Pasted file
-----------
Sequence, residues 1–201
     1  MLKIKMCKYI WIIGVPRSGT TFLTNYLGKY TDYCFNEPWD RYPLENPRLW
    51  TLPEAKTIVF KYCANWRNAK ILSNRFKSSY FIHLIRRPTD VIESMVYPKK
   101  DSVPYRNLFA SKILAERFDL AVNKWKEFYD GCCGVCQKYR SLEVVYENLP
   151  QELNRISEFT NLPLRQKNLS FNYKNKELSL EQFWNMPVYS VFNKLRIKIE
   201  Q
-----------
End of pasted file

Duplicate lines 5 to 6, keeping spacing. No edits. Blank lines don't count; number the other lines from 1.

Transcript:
   151  QELNRISEFT NLPLRQKNLS FNYKNKELSL EQFWNMPVYS VFNKLRIKIE
   201  Q